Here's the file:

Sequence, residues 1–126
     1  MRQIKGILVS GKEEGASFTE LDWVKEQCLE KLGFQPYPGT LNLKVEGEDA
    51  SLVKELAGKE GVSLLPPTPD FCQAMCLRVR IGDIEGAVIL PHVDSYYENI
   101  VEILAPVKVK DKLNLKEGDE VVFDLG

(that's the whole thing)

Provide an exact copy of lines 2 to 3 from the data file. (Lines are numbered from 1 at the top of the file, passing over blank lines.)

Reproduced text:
     1  MRQIKGILVS GKEEGASFTE LDWVKEQCLE KLGFQPYPGT LNLKVEGEDA
    51  SLVKELAGKE GVSLLPPTPD FCQAMCLRVR IGDIEGAVIL PHVDSYYENI